Microsoft Word is ubiquitous in most corporations and nowhere is that more true than for publishers. If you submit a manuscript electronically, or if you’re an author or copy-editor, you’ll almost certainly be working with a manuscript in Microsoft Word format. That may not make you very happy, especially if you’re an author like Charlie Stross, who uses another program (Scrivener, in Stross’ case) to write your books.
The simple answer is: Word is ubiquitous. For decades, just about every PC sold shipped with Windows and a demo version of Mi (more)
At tekcom, Adobe demonstrated FrameMaker XML Author, a light-weight XML authoring tool that will be part of FrameMaker 12. The only information I’ve been able to find on it is on Scriptorium’s blog.
In the upcoming release of FrameMaker 12 (source: Adobe):
There seems to be an epidemic of hypocrisy recently. Today we have admitted drug user Rob Ford, the (hopefully for not much longer) mayor of Toronto saying that City Council members should be tested for drug and alcohol abuse. But there’s even a better example, pointed out in Britain’s Guardian newspaper, from Prime Minister David Cameron, preaching austerity from a golden lectern.
At a state banquet for the new Lord Mayor on Monday, David Cameron gave a (more)
If you look at the programs for most major orchestras, you might think that the 20th century never existed. Programs are full of Bach, Brahms, and Beethoven. Occasionally you see a work by Stravinsky or Copland, but rarely anything newer than 1950, even by major composers like Philip Glass, Steve Reich, or John Adams.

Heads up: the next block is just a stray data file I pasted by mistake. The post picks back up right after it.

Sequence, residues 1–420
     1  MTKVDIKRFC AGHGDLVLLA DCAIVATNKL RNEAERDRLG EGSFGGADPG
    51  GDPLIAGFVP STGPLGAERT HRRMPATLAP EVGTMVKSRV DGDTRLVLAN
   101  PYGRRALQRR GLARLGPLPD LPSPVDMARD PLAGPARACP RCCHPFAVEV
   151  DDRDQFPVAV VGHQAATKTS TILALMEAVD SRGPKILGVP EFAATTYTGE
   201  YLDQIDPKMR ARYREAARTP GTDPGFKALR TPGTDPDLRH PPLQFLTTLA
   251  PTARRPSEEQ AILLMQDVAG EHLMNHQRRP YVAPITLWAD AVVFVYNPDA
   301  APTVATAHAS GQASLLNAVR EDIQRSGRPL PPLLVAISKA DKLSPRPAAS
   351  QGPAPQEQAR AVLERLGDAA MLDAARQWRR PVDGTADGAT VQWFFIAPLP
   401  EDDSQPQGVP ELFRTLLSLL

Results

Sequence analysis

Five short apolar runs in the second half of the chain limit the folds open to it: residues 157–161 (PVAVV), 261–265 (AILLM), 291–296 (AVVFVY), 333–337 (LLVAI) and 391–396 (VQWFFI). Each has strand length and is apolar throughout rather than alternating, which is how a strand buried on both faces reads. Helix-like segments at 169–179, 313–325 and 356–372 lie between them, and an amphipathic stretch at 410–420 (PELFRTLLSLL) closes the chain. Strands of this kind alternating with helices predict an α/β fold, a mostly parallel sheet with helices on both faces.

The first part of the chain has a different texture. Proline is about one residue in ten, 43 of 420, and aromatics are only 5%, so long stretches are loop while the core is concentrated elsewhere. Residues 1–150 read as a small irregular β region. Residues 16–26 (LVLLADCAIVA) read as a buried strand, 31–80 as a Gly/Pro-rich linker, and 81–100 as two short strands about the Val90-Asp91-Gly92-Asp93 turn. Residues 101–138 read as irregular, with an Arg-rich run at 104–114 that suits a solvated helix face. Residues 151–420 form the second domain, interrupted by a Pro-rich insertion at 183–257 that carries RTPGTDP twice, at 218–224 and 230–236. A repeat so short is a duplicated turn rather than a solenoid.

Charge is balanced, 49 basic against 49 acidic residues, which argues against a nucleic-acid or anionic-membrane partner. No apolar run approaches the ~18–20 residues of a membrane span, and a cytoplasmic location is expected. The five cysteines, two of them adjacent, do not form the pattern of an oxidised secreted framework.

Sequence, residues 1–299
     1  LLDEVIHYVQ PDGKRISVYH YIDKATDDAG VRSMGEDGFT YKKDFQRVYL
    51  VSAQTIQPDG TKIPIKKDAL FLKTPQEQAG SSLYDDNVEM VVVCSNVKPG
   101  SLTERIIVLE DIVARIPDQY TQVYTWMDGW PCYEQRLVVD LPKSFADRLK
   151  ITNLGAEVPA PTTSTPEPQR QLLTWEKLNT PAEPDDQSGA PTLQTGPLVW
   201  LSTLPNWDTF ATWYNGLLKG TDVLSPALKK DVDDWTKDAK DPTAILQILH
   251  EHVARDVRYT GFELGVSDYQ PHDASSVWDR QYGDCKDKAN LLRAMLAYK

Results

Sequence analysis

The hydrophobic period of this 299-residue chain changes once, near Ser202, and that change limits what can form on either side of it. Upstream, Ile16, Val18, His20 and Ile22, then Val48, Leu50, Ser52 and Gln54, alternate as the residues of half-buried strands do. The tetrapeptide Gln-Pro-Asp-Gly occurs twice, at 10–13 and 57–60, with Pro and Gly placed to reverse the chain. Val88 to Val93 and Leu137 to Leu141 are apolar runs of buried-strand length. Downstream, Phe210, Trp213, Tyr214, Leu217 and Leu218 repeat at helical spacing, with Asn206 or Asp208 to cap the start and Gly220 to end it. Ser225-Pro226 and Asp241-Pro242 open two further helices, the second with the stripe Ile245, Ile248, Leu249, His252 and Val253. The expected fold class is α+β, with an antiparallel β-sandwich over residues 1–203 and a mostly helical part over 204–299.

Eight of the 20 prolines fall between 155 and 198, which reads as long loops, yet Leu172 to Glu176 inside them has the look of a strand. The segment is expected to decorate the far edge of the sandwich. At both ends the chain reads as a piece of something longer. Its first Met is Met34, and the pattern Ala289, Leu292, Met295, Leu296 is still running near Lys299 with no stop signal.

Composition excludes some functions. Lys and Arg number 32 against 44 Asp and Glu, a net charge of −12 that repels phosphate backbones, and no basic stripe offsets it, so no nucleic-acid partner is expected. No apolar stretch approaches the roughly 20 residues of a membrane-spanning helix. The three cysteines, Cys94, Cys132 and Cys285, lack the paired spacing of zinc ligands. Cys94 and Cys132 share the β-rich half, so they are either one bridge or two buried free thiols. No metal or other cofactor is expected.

Yet there’s a lot of great modern classical music out there and thanks to YouTube you can sample it to see if you like it. It turns out that the National’s Bryce Dessner is a classical composer and he’s put together a list of (more)
On July 19, the Cassini spacecraft entered Saturn’s shadow and spent 4 hours taking pictures of Saturn, now assembled into what may be the most incredible astronomical image I’ve ever seen. It is stunning. And if you look closely, you may see your home, a little blue dot just below the rings. Somewhere, Carl Sagan is smiling.
(Fair warning, the file linked on that page are big – but trust me, its worth it).
On July 19, 2013, in an event celebrated the world over, NASA’s Cassini spa (more)
If the Trans Pacific Partnership agreement currently being negotiated by the Canadian and U.S. governments gets approved, it will mean the end of national sovereignty. Basically, corporate interests will trump national policies. This is not good news.
Naked Capitalism takes a detailed look at what it will mean if the TPP gets passed. The article is written from a U.S. point of view, but it’s equally applicable to us here in Canada.